You’ve probably heard about the Connecticut shop that recently was investigated and fined by the U.S. Occupational Safety and Health Administration (OSHA). The name of that shop and the specifics surrounding the case won’t be mentioned here, since they’re not the focus of this article. More important to you is the fact that OSHA investigations do happen, and shops do get fined — often thousands of dollars.
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Beyond the monetary loss, there’s plenty of other fallout you’ll probably experience should you ever be fined. Customers and neighbors can come to believe you aren’t running a particularly clean operation. Blame runs throughout your shop as employees, management and ownership point at one another.
Fortunately, you can avoid these problems with the right approach to your work. The key to OSHA compliance is organization. Get your act together and make your shop the safest, most compliant business possible with these steps:
Step 1. Choose a compliance manager.
While everyone on your team plays an important part in compliance, you still need to name one person who will lead your efforts. This person will be responsible for knowing all OSHA, U.S. Environmental Protection Agency (EPA) and local safety and environment regulations.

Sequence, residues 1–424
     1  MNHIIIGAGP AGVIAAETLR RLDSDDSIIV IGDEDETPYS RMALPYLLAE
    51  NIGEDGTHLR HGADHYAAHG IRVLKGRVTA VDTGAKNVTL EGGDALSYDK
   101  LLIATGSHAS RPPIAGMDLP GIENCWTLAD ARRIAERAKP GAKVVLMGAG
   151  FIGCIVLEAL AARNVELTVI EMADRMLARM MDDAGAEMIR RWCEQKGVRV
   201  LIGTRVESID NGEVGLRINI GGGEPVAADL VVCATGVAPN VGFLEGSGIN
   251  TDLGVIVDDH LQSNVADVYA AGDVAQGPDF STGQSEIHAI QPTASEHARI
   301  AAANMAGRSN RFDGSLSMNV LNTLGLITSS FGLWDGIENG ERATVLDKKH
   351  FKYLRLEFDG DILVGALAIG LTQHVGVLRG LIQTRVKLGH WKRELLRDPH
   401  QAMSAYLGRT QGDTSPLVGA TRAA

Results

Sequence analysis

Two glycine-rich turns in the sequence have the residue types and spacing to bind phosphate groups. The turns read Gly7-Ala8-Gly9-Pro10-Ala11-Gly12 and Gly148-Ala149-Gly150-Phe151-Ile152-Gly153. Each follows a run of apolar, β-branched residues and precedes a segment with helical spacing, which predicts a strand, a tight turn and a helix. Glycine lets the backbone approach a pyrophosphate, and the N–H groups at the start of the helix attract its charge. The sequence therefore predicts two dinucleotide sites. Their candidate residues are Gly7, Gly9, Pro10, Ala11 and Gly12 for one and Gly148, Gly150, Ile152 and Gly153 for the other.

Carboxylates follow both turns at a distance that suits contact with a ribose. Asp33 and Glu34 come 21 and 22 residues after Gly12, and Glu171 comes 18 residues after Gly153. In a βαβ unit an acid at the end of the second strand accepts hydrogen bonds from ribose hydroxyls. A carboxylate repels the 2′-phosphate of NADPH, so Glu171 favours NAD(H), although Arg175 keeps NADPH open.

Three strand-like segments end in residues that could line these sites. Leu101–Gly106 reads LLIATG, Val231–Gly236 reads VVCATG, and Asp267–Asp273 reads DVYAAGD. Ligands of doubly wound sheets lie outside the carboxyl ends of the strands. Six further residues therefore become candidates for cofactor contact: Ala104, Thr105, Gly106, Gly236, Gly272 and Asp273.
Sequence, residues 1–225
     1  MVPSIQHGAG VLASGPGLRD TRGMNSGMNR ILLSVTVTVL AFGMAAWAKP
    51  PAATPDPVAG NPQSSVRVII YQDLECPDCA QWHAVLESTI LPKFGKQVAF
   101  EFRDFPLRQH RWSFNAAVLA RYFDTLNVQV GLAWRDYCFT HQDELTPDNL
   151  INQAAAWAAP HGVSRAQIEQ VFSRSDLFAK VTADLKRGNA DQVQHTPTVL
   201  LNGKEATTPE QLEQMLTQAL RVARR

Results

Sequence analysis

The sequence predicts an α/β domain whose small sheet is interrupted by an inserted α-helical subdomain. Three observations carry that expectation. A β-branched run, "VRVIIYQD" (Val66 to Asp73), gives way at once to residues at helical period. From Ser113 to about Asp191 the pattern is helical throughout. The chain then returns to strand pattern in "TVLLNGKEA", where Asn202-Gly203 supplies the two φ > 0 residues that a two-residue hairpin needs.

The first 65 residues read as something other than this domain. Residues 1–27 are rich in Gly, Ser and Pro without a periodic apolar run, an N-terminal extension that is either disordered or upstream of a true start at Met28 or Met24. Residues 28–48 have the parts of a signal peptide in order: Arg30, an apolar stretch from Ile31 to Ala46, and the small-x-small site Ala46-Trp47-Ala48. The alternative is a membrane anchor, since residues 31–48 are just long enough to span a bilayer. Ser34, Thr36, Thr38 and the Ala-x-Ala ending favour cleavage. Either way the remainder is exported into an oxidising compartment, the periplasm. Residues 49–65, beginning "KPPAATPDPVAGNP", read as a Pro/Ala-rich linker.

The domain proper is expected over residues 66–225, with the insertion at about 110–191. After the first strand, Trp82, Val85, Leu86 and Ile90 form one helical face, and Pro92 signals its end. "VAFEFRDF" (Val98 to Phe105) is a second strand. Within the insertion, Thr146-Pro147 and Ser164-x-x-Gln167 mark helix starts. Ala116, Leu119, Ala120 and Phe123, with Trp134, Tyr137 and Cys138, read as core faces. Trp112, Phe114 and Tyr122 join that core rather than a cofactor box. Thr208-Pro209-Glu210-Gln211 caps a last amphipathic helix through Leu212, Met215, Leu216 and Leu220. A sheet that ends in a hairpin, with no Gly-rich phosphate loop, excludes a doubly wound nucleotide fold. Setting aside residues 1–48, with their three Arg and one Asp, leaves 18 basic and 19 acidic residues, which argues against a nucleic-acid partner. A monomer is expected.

Putting one person in charge offers several significant advantages. For one, this person can focus on compliance and be the resource for your and others’ questions. If this responsibility is placed on several employees, there’s a greater chance the duties required might get passed around — and ignored or dismissed.
You’ll want to make sure your compliance manager already has a significant role in your operation. This employee needs to have the power to enforce rules and correct employees who make mistakes.
What skill set should your compliance manager have? Find someone with impeccable organizational skills, who already has an interest in compliance and has the time to manage this important part of your business. Don’t take it on yourself if you don’t have the time, nor should you pass it onto a production manager who already is drowning in work. Assistant managers, a shop foreman and others can be well suited for this position.